Sheik Jaber Mubarak Al Hamad Al Sabah, quoted by the state news agency, underlined that the troops wouldn't be deployed in Darfur, the large area of western Sudan that is torn by conflict between other rebel groups and government troops and their militia allies.
Sudan and the southern rebels struck a peace deal in January ending a 21-year civil war, and the U.N. is sending a force of 10,700 peacekeepers to help monitor the agreement.
Sheik Jaber said the Kuwaiti Cabinet approved a deployment in principle in response to a U.N. request and that the troops are ready to go.
Darfur has been the scene of violence since February 2003, resulting in one of the world's worst humanitarian crises. An estimated 180,000 people have died in the upheaval that erupted when rebels took up arms against what they saw as years of state discrimination against Sudanese of African origin. Pro-government militias are accused of widespread atrocities during the conflict. Some 2 million have been displaced in the violence.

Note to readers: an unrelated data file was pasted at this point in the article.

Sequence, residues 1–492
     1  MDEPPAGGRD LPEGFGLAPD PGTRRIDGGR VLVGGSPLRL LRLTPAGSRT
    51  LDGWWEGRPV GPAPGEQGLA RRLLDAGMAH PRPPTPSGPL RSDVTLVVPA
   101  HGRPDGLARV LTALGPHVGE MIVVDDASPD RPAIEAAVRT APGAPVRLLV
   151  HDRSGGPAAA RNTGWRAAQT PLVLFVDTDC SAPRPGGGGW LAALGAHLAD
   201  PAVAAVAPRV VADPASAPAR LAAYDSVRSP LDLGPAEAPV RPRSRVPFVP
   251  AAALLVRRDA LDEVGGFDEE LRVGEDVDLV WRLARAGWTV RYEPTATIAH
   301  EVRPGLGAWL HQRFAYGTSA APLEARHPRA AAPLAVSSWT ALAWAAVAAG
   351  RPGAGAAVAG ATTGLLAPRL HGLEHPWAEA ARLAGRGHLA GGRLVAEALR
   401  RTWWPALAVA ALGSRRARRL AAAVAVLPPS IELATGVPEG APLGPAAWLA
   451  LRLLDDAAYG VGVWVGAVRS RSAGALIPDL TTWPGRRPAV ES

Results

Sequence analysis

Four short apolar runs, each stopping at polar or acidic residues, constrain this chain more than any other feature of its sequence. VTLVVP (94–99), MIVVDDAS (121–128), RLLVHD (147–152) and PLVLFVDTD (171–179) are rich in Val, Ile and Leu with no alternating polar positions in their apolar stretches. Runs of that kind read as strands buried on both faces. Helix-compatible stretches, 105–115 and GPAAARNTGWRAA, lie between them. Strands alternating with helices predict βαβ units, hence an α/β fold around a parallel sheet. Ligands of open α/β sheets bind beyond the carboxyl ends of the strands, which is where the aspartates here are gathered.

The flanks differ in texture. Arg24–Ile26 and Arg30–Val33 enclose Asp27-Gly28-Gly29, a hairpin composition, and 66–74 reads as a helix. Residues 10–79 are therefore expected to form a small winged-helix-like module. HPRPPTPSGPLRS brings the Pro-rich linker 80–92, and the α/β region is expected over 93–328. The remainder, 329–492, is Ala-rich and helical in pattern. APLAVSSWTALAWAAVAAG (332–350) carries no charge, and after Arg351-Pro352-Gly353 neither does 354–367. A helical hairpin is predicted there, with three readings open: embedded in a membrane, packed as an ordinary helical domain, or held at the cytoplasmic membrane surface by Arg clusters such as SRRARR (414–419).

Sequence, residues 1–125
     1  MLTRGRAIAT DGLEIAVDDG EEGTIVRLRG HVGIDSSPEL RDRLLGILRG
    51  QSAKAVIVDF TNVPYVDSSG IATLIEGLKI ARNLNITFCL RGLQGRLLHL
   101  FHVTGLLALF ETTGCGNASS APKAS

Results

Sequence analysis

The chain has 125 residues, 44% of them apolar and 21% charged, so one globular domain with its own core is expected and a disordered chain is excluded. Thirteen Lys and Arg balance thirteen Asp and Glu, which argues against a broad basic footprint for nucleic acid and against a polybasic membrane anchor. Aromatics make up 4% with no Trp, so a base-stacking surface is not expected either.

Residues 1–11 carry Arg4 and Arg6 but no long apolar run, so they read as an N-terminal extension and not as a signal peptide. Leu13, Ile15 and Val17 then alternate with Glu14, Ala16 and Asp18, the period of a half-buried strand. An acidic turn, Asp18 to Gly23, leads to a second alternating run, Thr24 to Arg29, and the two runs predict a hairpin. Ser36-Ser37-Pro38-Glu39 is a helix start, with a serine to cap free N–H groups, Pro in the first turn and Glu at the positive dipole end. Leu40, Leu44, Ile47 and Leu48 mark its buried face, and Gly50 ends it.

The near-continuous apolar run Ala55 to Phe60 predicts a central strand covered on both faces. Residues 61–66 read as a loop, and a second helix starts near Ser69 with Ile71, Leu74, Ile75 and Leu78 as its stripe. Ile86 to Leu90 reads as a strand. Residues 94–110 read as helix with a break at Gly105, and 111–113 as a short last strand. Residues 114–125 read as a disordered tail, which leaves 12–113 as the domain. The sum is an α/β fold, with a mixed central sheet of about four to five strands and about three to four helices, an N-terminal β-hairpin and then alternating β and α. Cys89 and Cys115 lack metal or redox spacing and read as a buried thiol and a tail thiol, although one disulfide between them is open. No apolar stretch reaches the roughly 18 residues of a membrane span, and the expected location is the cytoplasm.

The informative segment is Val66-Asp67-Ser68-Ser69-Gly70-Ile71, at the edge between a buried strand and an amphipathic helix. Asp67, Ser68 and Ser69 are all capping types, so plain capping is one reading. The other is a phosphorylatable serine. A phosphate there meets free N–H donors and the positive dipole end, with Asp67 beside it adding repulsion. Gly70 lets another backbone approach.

U.N. Secretary General Kofi Annan said in a report Friday the mission to Sudan would only be able to offer limited help to an African Union peacekeeping mission in Darfur in the coming months because it needed to focus all its attention on monitoring the north-south peace deal.